You are here:


Social Regionalism in the Idea of Transnational Labour Law

We have entered a moment of profound challenge for open societies. Inequality – within and across states in the global South and the global North – is at record, and unsustainable, levels. Workers in many states across the globe have voiced deep disenchantment at falling so far behind, economically, that their standard of living is lower than that of their parents. It becomes all too easy to kindle nationalistic rage through xenophobic politicking. But it is also a mistake for those committed to trade integration to assume that the benefits of globalization need simply to be better explained to the worker-consumer-citizens who fear they have been forgotten.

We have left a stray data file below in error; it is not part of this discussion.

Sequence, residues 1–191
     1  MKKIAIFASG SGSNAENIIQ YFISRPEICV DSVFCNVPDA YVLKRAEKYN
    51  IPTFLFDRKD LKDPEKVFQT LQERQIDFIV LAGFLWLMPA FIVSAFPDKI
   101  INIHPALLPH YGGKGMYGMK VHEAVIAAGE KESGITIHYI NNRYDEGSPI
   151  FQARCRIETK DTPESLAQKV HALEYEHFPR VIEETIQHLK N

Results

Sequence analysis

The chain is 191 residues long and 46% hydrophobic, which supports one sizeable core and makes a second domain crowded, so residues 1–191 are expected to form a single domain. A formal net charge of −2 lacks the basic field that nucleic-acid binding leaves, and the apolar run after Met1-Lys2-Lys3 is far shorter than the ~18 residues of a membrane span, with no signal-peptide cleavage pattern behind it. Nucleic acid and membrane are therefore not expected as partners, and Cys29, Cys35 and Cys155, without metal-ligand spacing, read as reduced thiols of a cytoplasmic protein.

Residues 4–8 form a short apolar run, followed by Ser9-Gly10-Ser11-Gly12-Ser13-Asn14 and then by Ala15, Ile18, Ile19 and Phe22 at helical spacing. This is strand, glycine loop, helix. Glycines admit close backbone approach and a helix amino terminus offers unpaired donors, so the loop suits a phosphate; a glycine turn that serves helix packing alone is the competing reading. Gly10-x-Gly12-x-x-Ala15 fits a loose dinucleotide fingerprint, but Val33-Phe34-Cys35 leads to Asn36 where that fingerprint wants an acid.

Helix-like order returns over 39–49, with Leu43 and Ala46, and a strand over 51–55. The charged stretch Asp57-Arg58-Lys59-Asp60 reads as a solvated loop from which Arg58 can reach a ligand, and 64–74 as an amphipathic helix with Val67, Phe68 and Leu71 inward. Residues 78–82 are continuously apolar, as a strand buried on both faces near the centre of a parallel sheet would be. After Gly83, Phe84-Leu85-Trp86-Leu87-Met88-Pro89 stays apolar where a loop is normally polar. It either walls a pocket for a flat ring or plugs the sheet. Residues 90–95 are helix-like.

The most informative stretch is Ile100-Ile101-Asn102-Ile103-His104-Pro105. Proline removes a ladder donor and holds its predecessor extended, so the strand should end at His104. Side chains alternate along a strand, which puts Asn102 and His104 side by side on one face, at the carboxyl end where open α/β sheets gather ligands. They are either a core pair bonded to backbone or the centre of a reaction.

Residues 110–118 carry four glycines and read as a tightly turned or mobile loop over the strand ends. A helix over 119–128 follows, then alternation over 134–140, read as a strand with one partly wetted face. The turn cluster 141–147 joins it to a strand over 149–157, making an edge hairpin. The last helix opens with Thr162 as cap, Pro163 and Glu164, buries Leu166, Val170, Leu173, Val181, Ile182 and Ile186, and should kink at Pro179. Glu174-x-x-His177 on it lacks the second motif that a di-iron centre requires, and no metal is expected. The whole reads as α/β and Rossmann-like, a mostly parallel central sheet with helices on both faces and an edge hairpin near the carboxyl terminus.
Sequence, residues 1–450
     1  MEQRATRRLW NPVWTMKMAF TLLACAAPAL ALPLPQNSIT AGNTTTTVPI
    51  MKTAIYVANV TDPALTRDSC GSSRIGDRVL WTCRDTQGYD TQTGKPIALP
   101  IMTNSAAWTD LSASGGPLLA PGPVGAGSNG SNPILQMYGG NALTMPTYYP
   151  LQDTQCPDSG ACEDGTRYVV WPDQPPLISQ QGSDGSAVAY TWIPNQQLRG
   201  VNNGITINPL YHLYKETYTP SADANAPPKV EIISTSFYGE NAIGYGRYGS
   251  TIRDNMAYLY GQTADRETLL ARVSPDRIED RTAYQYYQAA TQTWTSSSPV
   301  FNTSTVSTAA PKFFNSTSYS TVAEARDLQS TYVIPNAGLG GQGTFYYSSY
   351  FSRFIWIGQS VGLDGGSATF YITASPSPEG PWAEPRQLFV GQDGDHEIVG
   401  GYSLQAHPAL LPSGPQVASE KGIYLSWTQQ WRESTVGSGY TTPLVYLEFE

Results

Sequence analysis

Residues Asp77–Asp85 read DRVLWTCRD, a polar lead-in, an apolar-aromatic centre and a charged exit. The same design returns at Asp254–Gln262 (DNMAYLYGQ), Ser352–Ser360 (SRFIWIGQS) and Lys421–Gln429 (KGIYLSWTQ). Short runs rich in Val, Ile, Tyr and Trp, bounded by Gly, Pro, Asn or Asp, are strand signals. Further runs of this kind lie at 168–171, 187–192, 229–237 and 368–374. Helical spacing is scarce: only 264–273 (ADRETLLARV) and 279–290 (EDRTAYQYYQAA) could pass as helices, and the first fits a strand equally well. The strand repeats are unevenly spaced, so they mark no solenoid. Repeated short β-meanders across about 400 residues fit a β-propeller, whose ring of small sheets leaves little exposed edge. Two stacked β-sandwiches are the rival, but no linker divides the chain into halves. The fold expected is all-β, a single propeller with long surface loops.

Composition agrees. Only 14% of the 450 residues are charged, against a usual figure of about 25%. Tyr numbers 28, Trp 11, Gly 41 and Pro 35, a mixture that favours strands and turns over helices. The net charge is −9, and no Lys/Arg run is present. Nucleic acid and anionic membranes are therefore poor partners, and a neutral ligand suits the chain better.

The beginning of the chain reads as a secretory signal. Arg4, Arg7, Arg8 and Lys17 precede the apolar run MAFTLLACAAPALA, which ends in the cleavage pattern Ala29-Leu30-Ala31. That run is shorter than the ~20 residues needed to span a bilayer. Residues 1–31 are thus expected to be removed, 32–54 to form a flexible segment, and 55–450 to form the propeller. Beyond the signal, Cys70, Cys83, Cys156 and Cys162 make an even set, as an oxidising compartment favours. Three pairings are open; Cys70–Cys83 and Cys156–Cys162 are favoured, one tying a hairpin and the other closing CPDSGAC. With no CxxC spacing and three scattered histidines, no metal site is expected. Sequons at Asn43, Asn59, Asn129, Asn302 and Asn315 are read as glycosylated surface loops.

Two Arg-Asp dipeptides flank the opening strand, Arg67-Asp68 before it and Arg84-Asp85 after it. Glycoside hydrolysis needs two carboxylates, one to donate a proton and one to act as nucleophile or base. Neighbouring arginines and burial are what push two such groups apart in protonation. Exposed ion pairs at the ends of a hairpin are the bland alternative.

This timely, interdisciplinary research project has two objectives: First, it challenges the premises that the trade law regime should leave labour redistribution to individual states alone, no matter how small or poor or marginalized they are in the global economy. Second, it considers alternatives, by centering learning from the global South, notably from SADC, the AfCFTA and CARICOM, alongside engagement with the EU and CETA. It foregrounds the prospect that regionalism might allow actors to think differently about how to provide social welfare and foster respect for labour rights across national borders (social regionalism).


Fellows involved in this project


Share this project:

Share on whatsapp
Share on email
Share on facebook
Share on twitter
Share on linkedin

Is any information on this page incorrect or outdated? Please notify Ms. Nel-Mari Loock at [email protected].